Do you plan to rent your second home out when no one is using it?

This is another area where you don’t want to make assumptions. First, you need to be sure you have the option to rent your home out to generate income in the short-term if you think that’s something you might be interested in. If so, you’ll possibly need to consider the tax implications of owning a rental property as well.

When you’re buying a home with family, you also need to ensure everyone is on the same page about the function of this home. You’ll not only need to agree on whether to rent it out, but for how much, on what days (or holidays), and how you’ll market it. Naturally, you’ll also want to assign a point person for a short-term rental. Many owners choose to hire a management company that can oversee the home’s operations when it’s being rented out, but that’s up to you.

 

As with the mortgage payment, bills, and repairs, you’ll need to determine how you plan to split any rental earnings or whether this money will sit in a reserve to address future renovations or emergency repairs.

What is your exit strategy?

It’s hard to think about selling a home you haven’t even purchased yet, but if you’re buying a home with family, it's a good idea. Do you plan to keep the home while the grandkids are young, but sell it after they’re off to college? Do you see this as a five-year investment until you can afford a second home on your own? Does your dad assume this home will stay in the family for generations to come?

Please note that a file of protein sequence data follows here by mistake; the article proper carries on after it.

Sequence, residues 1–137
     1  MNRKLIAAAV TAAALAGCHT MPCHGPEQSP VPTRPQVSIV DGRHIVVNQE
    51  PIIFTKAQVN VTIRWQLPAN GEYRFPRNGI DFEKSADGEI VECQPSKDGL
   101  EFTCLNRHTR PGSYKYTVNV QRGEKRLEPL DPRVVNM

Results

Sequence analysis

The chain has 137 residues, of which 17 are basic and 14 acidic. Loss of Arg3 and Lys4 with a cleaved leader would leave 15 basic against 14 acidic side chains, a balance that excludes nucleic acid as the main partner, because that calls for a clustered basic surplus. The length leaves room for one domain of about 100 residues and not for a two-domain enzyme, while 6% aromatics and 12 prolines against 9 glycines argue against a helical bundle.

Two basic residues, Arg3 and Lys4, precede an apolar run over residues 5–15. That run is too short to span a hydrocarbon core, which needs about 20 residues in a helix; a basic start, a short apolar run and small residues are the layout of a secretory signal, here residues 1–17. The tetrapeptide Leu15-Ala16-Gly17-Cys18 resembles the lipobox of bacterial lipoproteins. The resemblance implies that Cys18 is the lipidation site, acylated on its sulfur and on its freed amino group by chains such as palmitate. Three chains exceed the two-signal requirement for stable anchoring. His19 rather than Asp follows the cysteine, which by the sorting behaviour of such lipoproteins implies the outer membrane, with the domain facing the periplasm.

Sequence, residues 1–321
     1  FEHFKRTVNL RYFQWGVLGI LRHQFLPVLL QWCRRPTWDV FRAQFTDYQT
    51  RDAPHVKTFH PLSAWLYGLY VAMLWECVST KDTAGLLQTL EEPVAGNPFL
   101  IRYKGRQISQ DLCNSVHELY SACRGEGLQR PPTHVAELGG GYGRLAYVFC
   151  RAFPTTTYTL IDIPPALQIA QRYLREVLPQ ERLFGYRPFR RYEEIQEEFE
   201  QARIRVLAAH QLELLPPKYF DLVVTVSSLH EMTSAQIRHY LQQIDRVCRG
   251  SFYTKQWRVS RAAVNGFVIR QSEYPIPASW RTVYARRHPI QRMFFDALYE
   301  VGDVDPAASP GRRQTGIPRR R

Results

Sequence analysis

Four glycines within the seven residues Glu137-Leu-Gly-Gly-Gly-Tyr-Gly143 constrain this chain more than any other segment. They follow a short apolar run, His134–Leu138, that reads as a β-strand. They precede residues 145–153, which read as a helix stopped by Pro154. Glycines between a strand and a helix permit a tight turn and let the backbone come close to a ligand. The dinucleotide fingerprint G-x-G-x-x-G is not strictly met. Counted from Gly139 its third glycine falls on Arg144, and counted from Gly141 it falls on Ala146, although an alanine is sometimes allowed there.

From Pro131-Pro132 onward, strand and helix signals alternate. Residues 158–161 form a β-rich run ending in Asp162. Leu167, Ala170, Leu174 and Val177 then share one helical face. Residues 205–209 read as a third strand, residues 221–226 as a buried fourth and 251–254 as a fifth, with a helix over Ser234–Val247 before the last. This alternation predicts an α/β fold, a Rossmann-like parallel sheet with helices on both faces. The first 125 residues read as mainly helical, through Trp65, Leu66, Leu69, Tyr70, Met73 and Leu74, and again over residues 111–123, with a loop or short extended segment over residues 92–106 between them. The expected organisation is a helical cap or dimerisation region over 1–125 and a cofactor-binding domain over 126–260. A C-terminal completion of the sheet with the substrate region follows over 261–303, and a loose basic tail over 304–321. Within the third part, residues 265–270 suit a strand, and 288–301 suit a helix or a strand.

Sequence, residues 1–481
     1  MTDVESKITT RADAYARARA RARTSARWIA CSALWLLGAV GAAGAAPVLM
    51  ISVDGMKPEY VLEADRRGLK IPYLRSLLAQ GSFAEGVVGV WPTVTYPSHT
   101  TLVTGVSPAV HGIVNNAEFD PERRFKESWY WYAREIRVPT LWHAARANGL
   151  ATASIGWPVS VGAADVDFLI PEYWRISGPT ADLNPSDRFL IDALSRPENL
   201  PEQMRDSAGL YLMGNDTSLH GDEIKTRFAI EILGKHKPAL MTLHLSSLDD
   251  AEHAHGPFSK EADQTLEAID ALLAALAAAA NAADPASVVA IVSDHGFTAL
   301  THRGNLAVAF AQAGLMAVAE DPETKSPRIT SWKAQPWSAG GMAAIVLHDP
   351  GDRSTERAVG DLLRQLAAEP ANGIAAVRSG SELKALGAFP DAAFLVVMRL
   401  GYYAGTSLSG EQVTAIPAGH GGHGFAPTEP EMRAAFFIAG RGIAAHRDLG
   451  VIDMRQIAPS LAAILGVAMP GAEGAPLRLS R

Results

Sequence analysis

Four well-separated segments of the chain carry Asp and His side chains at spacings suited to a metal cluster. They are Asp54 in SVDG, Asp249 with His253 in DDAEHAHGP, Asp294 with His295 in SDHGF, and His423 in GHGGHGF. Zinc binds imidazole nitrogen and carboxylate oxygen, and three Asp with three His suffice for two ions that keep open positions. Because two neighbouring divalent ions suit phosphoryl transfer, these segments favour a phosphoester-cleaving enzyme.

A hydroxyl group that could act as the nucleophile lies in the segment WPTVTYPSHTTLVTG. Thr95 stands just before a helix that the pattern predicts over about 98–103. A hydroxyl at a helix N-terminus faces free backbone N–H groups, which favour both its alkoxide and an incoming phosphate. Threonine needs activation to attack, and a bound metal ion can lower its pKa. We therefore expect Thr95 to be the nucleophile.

All things to consider. It pays to talk about these issues upfront, as even those with the best of intentions can sometimes find themselves on hard times. You need to know what your game plan is if someone wants out.

You’ll want to discuss:

  • Whether you’re collectively willing to sell a family member’s share to an outsider (or non-family member)
  • If the remaining investors get first rights of refusal to buy the other member’s share
  • If the remaining investors have to approve a new investor (or outright buyer)
  • How many investors must agree to sell the home if one investor voices that they’d like to sell

What happens if a family member passes on?

Death is not a fun subject, especially among family, but it is an important one when people’s livelihoods may be at stake. You want to determine up front how the title for the second home will be handled.

If each family member owns an equal share in the home, that member’s share gets split among the remaining owners in the event of their death. That’s called a joint tenancy with rights of survivorship (JTWROS). This keeps the home out of probate, and it prevents unintentional parties (say, a twenty-something niece or a long-term boyfriend) from becoming your investment partners.

A tenant-in-common (TIC) arrangement allows a family member to automatically pass their ownership stake onto their heirs, while an LLC can specifically outline who inherits a deceased family member’s share.

As you can see, there is a lot to think about before you pack your bikini and head to your new home on the Jersey Shore. So, get the ball rolling by having a few open and honest discussions about buying a home with family. After that, retain the services of a real estate attorney to document all terms and obligations in writing. This will help you preserve those familial bonds that led you to buying a home with family in the first place!

 

Ready to get started? The APM family is here for your family anytime! Give us a call today.

American Pacific Mortgage

American Pacific Mortgage